City Views

CityViews 5/22/12: The Refugee Experience/Environmentalist David Brower’s Legacy



Segment 1:

While the number of refugees coming to the U.S. is down for the second year in a row, hundreds continue to come to Utah every year to escape persecution in their homeland. On Tuesday, we’ll talk about the refugee experience here in Utah, the services available and what more needs to be done to help refugees acclimate to their new country and community.


  • Ze Min Xiao, Salt Lake County Refugee Services
  • Dr. Shu Cheng, Executive Director, Refugee and Immigration Center – Asian Association of Utah
  • Nyoul Nyoul, Refugee Services Supervisor, Refugee and Immigration Center – Asian Association of Utah and former Sudanese refugee

Utahns will mark World Refugee Day on Saturday, June 16 from 12 noon to 6 p.m. at Granite High School, 3305 S. 500 E., South Salt Lake. Click here for more information.



Segment 2:

As executive director of the Sierra Club, David Brower predicted flooding Glen Canyon would be “America’s most regretted environmental mistake.” That declaration came too late, but he remained a staunch supporter of draining Lake Powell and restoring Glen Canyon. This week, the Glen Canyon Institute marks the 100th anniversary of Brower’s birth. On Tuesday, we talk with his daughter, Barbara Brower, about David Brower’s role in the modern environmental movement.


  • Barbara Brower

The Glen Canyon Institute hosts the David Brower Centennial Celebration Friday, May 25 at 6 p.m. at the Natural History Museum of Utah, Salt Lake City. For more information, call (801) 363-4450 or click here .

City Views
City Views was a daily public affairs program that ran on KCPW from 2011 to 2013. It was hosted by Jennifer Napier-Pearce, who later went on launch and host "Behind the Headlines," the weekly news roundup from KCPW and The Salt Lake Tribune. The show featured news reports and interviews with policymakers, local newsmakers and
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    I live in a building that there is more than 50% are refugees, mostly from the former Soviet Union. I have helped then with doctor visits and getting help and just being someone who cares about them. I have found that I needed to prove to them that I was a caring person and willing to help them with language. And this has enriched my live having these people in my life. But I had to work at gaining their trust and friendship. It would be easy to give up and believe that they don’t speak English. When I woulds say hello to them I would for a long time get “No speak English” from them. But I continued say hello and now after two years I feel that this community within my building community are my friends and I really like that and it has enriched my life.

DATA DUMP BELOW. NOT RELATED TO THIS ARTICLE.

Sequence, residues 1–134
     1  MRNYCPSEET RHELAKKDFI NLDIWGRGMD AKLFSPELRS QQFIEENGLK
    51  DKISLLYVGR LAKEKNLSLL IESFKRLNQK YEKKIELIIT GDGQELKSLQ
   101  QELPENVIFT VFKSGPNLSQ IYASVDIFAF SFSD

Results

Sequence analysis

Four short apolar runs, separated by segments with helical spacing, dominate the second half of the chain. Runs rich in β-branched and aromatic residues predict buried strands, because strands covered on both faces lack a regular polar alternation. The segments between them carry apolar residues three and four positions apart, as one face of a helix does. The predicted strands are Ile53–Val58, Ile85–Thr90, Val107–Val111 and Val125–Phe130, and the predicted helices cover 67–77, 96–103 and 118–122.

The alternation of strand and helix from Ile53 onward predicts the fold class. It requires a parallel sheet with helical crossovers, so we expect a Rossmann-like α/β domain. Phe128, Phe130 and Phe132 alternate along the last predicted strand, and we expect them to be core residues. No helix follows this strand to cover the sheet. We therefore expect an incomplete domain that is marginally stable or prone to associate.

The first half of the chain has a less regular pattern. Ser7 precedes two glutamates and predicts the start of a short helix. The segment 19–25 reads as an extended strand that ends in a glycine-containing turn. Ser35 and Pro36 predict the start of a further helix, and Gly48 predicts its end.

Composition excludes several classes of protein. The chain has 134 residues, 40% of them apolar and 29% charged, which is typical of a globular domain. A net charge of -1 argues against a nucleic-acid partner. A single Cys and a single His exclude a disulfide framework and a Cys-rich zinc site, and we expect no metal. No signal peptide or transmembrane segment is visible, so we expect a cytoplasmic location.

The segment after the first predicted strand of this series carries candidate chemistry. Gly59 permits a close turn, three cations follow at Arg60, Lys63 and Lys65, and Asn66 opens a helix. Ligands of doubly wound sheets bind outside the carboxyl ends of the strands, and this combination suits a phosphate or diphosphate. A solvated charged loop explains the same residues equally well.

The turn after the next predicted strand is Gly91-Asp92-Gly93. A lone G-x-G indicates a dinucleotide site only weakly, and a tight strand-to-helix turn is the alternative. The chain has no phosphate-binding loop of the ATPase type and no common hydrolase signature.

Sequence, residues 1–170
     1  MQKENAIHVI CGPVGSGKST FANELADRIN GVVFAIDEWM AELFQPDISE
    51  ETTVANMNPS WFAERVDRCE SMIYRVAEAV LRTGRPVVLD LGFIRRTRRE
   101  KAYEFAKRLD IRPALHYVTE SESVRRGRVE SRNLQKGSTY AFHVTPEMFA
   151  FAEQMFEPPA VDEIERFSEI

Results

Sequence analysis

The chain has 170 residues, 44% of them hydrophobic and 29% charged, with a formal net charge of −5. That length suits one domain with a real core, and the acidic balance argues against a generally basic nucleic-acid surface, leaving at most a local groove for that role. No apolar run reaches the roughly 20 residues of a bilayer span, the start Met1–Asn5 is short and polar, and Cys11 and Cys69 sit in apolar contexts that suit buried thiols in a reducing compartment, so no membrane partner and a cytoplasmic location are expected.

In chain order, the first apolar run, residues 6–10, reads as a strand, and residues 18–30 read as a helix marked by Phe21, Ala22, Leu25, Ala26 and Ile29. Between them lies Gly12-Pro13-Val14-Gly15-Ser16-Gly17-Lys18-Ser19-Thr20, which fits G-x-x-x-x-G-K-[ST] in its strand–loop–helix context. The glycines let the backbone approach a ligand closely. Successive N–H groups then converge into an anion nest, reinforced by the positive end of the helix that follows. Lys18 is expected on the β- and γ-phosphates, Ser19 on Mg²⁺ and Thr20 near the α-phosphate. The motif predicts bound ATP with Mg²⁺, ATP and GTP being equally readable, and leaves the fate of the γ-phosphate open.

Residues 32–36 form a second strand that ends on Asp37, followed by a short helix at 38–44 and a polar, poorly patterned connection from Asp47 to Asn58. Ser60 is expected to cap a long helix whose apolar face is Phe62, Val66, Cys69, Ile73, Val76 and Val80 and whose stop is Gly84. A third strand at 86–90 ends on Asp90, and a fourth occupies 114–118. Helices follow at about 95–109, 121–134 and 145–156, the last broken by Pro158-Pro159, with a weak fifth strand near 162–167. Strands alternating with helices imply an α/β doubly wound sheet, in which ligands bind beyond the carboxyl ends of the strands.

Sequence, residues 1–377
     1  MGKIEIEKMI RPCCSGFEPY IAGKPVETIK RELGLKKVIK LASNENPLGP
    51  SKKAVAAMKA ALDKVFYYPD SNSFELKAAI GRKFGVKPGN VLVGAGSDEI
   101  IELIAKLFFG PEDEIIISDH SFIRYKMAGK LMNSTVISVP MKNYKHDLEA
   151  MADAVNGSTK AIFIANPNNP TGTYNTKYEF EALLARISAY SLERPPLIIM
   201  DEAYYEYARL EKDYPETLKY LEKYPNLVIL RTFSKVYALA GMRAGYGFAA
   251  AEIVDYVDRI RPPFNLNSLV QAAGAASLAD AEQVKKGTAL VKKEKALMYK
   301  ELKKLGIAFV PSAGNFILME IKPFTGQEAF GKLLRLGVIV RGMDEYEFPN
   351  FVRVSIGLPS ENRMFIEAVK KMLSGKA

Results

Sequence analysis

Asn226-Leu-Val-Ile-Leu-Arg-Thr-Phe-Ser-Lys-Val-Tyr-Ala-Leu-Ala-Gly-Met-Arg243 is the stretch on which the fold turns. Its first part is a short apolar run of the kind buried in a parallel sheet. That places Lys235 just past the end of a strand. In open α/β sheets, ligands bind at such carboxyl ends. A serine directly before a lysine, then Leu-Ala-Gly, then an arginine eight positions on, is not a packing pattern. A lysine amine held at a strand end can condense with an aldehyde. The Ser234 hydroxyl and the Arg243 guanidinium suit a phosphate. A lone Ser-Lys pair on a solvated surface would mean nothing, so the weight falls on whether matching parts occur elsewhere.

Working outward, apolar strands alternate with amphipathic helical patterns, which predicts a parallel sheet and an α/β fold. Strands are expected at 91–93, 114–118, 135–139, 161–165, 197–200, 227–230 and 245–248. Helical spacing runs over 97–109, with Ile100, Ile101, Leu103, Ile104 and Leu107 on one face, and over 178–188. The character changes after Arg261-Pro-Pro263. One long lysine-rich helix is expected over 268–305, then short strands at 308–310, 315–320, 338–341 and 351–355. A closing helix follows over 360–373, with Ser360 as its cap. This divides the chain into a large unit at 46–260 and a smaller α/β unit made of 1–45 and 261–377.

As far as English language is concerned; refugees who did not speak English are not able to learn the language because they are pushed to workforce. Most of them are hired at Deseret Industries where they meet others who do not speak English.
    Regarding Refugees; As far as housing is concerned; the same people who have not yet learned English face process of eligibility for housing and policies that need to be kept for continued housing benefit. They get left on their own to understand that, after six month of assistance through Refugee Agencies here in Utah.
    Their children face the bullying culture in schools because their children do not have the elements of lifestyle that fit well in the culture here for a while.
    Both parents and children shy away from being integrative to the indigenous of Utah hence maintaining a gap in the effort to enrich refugees and endogenous with something new in the culture that they already bare.

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